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Credit Card Swipe Fees are Abusing Market Power at the Expense of - Small Businesses and American Consumers

Posted: Jun 17th, 2021 - 6:51 am

From the way we work to the way we shop, the COVID-19 pandemic has brought about a multitude of changes across all aspects of our lives. One of these changes revolves around the way we pay for the goods we purchase. Cash is no longer king. Contactless payments are at an all-time high and more Americans than ever are relying on their credit and debit cards to purchase goods and services. While this transition to a more convenient and sanitary form of payment has been a long time coming, the stranglehold that credit card companies currently have on this sector should cause serious concern for anyone who values small businesses and a competitive market.

Credit card companies like VISA and Mastercard charge small businesses exorbitant sums of money in the form of swipe fees. These fees are set by Visa and Mastercard but collected by the banks without competition on price. The fees far exceed any operational costs. And, small business owners have been hit hard by the ever-increasing cost of these fees. Business owners point out that these fees have more than doubled from 2012 to 2019. Why do these costs continue to rise as processing and handling technology improves and gets cheaper?

The steep cost of the fees, which average more than 2 percent but can be as high as 4 percent of the purchase, is only part of the problem. The lack of competition that allows for these arbitrary rates to go unchallenged is the more important issue. According to the Nilson Report, in 2019 swipe fees amounted to a shocking $93 billion, and an estimated $67 billion of that was from Visa and MasterCard credit cards.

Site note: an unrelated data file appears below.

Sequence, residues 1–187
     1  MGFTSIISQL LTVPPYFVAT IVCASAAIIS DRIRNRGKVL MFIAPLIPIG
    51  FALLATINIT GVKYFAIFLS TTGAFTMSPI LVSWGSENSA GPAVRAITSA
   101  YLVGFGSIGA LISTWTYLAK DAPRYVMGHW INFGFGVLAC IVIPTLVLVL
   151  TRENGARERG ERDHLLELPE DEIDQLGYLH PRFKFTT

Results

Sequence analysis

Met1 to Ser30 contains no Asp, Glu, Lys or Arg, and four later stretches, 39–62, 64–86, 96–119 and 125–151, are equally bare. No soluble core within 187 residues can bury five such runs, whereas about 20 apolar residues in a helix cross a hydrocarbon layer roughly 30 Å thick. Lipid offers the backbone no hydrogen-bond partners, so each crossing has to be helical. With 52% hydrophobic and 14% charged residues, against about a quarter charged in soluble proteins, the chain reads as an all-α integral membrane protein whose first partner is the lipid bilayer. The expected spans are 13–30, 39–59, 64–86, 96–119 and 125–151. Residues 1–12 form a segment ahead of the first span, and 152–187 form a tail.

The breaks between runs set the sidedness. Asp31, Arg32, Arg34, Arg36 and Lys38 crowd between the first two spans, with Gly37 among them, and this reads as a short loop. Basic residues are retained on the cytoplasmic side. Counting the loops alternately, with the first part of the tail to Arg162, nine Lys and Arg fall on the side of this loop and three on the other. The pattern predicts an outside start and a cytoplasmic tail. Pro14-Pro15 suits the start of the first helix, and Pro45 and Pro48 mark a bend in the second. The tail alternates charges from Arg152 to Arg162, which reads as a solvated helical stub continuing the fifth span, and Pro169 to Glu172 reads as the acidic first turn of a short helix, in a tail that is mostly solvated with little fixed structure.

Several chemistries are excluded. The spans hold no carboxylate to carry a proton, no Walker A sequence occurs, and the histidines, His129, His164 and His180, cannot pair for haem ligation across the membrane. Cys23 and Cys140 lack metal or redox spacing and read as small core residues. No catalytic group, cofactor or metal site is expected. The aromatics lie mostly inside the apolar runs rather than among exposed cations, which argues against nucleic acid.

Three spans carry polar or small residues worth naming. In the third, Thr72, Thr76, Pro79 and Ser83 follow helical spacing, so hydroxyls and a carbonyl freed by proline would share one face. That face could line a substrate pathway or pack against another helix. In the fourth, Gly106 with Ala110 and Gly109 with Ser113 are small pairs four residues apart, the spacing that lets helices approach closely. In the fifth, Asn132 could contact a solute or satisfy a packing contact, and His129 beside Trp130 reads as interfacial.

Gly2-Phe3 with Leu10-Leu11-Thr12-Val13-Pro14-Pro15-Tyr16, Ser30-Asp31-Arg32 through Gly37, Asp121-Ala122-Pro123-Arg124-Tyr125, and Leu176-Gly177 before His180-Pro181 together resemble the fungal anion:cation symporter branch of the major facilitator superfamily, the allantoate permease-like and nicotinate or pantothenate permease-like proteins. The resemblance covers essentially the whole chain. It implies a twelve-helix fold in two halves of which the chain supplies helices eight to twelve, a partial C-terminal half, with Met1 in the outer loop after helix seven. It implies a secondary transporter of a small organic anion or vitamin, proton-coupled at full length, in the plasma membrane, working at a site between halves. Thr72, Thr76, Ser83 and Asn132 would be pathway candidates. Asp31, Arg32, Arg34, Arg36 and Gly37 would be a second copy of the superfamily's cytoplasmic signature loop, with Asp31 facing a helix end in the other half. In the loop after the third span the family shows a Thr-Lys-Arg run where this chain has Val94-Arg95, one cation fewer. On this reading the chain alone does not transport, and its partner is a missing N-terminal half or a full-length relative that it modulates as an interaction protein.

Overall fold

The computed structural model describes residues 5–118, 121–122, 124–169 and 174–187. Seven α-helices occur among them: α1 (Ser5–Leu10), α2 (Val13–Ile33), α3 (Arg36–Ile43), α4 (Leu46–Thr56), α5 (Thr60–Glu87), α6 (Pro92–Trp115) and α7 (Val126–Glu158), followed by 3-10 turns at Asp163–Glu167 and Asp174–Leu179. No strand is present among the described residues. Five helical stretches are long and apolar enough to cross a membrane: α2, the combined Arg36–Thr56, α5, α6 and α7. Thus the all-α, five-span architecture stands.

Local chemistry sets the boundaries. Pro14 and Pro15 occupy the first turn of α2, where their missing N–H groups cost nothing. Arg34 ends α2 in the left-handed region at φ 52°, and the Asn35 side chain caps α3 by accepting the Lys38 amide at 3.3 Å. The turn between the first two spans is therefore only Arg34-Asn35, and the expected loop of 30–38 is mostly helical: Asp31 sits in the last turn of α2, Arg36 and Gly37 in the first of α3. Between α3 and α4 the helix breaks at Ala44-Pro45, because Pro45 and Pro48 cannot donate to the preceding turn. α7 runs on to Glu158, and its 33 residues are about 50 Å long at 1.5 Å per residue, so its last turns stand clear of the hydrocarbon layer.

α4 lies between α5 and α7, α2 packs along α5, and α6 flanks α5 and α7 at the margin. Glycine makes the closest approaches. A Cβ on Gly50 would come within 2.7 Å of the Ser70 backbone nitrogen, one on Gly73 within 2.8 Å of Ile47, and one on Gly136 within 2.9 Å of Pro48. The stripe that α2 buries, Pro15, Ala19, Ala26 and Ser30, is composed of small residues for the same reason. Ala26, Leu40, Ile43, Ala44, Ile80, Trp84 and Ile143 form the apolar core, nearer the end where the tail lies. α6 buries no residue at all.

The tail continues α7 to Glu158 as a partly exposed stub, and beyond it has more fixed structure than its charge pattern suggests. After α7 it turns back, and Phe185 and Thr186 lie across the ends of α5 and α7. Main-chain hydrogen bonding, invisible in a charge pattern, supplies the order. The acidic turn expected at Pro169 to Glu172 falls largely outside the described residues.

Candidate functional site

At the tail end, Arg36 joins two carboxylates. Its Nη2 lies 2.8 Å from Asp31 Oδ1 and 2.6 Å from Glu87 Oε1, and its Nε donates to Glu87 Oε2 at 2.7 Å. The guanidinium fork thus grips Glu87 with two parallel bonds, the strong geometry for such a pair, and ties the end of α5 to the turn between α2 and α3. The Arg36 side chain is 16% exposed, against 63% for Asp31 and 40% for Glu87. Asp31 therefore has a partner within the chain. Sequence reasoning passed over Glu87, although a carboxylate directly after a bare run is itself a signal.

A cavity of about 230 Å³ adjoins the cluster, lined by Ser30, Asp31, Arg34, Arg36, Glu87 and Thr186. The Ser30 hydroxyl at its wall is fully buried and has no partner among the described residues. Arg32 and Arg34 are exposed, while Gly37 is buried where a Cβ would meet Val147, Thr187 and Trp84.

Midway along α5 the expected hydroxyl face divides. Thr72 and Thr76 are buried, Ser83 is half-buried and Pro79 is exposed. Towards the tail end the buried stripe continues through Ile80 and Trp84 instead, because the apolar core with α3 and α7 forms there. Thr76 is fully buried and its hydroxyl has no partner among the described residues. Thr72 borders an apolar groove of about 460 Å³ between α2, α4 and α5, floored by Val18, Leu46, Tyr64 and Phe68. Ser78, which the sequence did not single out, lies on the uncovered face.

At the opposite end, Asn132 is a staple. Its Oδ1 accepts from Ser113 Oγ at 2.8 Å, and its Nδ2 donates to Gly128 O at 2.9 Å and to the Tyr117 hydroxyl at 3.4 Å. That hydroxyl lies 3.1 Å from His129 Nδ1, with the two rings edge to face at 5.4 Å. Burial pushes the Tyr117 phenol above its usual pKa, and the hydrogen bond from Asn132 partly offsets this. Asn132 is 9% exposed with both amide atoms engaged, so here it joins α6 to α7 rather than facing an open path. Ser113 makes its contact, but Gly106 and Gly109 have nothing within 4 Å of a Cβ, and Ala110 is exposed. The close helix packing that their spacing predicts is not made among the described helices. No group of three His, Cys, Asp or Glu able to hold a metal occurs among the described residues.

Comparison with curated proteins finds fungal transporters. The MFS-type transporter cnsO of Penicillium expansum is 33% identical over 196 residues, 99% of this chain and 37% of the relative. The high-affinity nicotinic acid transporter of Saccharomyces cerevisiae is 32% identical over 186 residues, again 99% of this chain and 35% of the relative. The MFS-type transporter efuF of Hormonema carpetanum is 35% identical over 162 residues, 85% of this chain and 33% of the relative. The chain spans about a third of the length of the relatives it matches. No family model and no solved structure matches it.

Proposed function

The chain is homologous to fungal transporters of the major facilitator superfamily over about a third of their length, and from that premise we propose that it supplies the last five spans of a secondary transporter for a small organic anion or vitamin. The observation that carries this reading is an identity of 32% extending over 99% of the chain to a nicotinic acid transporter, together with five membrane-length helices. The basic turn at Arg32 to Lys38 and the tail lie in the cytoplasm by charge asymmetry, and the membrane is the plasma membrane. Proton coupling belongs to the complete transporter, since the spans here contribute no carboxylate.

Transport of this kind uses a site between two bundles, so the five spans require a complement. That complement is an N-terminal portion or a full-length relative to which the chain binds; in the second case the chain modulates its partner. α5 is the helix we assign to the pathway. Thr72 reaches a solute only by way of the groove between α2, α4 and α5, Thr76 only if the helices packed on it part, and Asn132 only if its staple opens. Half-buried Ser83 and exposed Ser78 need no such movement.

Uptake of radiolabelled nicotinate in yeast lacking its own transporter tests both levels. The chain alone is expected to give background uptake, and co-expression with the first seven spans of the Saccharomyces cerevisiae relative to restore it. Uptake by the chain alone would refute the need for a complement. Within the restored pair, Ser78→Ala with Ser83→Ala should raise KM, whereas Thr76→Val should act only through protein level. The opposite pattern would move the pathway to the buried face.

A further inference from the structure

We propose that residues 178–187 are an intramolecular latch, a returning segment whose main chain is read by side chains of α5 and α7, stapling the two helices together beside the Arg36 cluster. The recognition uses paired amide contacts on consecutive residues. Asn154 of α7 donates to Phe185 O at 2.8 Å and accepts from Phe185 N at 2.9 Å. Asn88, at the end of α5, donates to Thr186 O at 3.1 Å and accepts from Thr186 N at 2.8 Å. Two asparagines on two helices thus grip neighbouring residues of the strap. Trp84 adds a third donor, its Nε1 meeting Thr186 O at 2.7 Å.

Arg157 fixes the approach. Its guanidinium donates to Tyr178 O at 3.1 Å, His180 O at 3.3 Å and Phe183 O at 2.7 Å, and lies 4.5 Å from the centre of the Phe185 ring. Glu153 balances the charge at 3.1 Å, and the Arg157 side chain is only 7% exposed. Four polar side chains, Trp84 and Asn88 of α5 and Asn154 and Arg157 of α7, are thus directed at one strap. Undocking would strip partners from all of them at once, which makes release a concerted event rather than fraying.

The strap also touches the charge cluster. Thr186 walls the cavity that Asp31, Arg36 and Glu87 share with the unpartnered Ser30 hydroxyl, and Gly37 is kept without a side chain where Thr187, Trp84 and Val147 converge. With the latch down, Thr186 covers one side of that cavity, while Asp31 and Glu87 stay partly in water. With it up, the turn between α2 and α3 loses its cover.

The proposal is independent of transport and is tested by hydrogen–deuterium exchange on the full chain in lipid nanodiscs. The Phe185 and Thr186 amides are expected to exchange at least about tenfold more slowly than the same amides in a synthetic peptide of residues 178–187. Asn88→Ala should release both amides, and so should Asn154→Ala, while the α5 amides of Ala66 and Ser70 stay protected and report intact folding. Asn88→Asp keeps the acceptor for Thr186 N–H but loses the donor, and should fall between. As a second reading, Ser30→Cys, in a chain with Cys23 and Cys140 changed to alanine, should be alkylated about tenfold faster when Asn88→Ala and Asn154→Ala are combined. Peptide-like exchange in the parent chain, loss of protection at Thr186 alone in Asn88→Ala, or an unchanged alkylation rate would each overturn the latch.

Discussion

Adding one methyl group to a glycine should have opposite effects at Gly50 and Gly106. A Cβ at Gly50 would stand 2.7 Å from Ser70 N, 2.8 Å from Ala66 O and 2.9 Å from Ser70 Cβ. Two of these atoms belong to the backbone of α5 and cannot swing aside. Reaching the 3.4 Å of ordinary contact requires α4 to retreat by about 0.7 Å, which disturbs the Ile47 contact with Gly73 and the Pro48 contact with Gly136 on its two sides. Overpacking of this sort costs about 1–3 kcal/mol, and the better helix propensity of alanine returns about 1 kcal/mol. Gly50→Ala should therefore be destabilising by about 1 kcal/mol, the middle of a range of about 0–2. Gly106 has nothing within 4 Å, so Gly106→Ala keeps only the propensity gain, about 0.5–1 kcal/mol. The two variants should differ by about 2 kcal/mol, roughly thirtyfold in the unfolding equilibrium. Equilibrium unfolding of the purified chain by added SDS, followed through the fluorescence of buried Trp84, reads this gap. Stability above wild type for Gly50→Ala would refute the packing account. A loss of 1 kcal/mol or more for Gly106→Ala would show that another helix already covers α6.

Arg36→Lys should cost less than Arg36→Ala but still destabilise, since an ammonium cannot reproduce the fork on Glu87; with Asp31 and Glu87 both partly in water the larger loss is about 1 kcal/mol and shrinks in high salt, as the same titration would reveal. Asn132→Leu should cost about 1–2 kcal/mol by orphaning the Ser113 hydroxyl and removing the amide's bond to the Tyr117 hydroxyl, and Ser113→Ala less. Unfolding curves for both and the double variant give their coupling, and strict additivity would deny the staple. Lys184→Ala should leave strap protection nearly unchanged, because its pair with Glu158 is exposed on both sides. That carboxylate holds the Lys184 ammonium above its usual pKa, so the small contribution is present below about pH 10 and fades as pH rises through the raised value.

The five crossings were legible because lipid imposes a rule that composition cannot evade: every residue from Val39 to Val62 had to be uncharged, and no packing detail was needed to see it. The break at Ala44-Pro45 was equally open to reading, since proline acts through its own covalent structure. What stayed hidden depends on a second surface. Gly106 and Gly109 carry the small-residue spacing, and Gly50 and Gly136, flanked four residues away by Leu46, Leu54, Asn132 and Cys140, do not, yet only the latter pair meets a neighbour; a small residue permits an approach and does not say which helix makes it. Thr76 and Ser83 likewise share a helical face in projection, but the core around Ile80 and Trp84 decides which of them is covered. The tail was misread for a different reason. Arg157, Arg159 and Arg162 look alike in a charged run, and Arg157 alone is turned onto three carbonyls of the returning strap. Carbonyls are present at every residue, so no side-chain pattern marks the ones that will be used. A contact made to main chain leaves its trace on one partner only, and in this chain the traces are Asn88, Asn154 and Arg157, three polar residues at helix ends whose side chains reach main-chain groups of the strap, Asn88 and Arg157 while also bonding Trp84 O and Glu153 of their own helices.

Unfortunately, small merchants lack the leverage to fight for lower rates. With cash quickly becoming a thing of the past, businesses have no choice but to pay the fees if they want to accept any form of electronic payments from credit or debit cards. And accepting these types of payments is non-negotiable if businesses want to stay afloat, as 38 percent of point of sale payments made in 2020 were made with credit cards and 29 percent were made with debit cards. For small business owners these fees are becoming a significant cost that is second only to the cost of staff wages, a fact that has caused many merchants to fear for their businesses and livelihoods.

As contactless payments continue to become more prevalent and cash continues to phase out, ensuring that large credit card corporations like Visa and Mastercard aren’t monopolizing the sector at the expense of small businesses and consumers is paramount.

It’s up to our elected representatives, especially those who are members of the Senate Banking Committee, to promote swipe fee reform and urge federal regulators to investigate the way these corporations are abusing their market power. Fortunately, the committee has leaders like Ranking Member Pat Toomey (R-PA), who knows small businesses and free markets are the backbone of this country’s economy, and should support policies that will help them thrive. I am hopeful that members of the committee will continue to fight for competitive markets that benefit both small businesses and American consumers.

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